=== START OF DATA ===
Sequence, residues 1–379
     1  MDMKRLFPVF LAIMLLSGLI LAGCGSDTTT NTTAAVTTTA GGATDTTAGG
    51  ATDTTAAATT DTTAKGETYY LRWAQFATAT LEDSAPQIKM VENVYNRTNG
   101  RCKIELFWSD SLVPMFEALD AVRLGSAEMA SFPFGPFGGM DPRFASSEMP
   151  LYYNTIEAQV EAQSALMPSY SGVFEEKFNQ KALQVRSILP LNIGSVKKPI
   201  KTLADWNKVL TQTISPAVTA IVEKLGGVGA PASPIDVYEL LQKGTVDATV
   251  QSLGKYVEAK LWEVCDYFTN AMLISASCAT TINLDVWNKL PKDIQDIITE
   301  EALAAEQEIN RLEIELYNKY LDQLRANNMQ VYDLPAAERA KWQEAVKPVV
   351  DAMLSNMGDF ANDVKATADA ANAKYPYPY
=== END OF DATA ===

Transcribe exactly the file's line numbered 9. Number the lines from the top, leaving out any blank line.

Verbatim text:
   351  DAMLSNMGDF ANDVKATADA ANAKYPYPY